By the Numbers

What level of management staff does your practice need to succeed now and in the future?

A short exercise can help determine any holes in the management team.

“The way a team plays as a whole determines its success. You may have the greatest bunch of individual stars in the world, but if they don’t play together, the club won’t be worth a dime.”
– Babe Ruth

“Good management is the art of making problems so interesting and their solutions so constructive that everyone wants to get to work and deal with them.”
– Paul Hawken

As regulatory complexities rise, profits soften and the size of the average practice increases, there is an increasing obligation to deepen the skills of your practice’s management team. Most practices do this basic business development work haphazardly, not by plan.

It is better when you plan and evolve your management team stepwise to meet the needs of the company and the environment you work in.

Here are hallmarks of ophthalmic practices that report feeling that they are in control of whatever may arise in the future for their organizations:

A lack of dependency on any one manager: “Our administrator could be away from the practice for a month or two, and the practice would keep on running just fine. The administrator has empowered our department heads to make their own decisions and have worked with the managing partner so that this lead doctor can step in and handle any senior management issues while the administrator is away. In addition, each department has a ‘second lieutenant’ so that even if the department head is out of the office, someone is clearly in charge and keeping operations on track.”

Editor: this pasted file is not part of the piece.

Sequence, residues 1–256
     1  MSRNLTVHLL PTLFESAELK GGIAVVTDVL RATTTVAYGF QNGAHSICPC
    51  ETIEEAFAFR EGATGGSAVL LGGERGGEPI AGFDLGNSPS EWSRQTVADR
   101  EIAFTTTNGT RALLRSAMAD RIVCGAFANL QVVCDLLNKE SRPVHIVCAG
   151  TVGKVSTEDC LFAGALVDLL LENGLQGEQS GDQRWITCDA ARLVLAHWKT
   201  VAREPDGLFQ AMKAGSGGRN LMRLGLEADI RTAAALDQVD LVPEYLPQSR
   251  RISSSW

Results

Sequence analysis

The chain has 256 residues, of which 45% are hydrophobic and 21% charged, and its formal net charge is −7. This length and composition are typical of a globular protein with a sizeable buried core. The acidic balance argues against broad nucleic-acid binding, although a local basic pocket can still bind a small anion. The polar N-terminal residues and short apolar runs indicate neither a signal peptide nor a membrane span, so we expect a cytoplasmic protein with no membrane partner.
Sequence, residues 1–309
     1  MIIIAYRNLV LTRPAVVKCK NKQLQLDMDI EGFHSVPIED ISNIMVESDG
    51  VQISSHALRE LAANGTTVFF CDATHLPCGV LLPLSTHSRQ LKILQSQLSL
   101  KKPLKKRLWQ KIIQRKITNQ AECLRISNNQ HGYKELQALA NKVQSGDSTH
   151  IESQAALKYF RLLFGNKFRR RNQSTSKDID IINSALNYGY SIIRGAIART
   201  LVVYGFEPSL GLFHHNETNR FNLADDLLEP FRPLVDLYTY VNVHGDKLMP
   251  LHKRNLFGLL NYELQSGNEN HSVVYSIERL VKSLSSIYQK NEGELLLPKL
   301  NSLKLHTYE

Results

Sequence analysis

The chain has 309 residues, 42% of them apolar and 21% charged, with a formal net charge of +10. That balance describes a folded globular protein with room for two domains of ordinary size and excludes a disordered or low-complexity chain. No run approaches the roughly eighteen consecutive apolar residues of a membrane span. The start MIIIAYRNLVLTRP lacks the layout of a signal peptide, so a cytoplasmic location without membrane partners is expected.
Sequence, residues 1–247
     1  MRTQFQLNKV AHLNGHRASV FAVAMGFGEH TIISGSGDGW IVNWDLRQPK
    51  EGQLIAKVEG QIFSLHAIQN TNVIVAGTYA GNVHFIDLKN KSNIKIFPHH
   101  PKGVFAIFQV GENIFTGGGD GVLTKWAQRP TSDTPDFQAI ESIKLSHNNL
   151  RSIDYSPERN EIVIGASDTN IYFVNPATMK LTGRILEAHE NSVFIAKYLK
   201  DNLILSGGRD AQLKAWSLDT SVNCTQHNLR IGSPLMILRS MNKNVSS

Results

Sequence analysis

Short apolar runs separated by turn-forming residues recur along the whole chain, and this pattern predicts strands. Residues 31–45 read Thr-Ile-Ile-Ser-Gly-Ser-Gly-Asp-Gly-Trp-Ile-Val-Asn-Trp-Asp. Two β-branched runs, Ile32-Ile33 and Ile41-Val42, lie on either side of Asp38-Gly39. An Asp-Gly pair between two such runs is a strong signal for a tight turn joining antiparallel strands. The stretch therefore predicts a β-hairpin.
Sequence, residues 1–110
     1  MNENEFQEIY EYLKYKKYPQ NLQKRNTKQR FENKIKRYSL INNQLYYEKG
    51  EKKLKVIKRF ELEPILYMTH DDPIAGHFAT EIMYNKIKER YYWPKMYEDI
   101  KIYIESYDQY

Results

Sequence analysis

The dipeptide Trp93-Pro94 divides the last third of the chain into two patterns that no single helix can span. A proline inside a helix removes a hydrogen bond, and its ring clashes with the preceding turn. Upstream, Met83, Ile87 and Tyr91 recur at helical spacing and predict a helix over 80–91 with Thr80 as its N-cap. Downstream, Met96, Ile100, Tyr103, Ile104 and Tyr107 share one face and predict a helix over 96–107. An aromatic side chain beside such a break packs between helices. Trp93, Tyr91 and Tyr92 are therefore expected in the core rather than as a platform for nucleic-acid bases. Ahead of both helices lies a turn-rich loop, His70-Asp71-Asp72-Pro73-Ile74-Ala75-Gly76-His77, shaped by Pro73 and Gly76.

Written process documentation: “Everything we do here is put down in writing. There is one agreed best way to check in a patient, take a history and work our open insurance accounts. This makes training easier, and when staff grasp their job duties faster, they are easier to supervise. At the same time, everyone in our practice is encouraged to propose a better way for any of our protocols.”

No managers on overload: “If you observed our department heads and administrator in action, they have a calm, in-control demeanor. They prioritize and pace their work and delegate avidly so they always have reserve capacity for the inevitable emergencies.”

Strategic intimacy: “Our board is aligned about the future direction our practice is taking. And it has shared its strategic plan with the entire management team, so everyone knows the operational priorities and volumetric goals. In addition, the board listens to us and makes sure that plans for the practice are not getting out ahead of what the company can reasonably accomplish.”

Raw tenure: “The average manager has been in our practice for more than a decade. They know what great operations look like and how to turn things around when they get off-track. Because of our managers’ knowledge and tenure, the staff they supervise — as well as the doctors — trust their skills. With the doctors in particular, this sets up a virtuous cycle: more tenure leads to greater skills, and greater skills lead to higher trust by the board, and more trust leads to greater job satisfaction and longer careers.”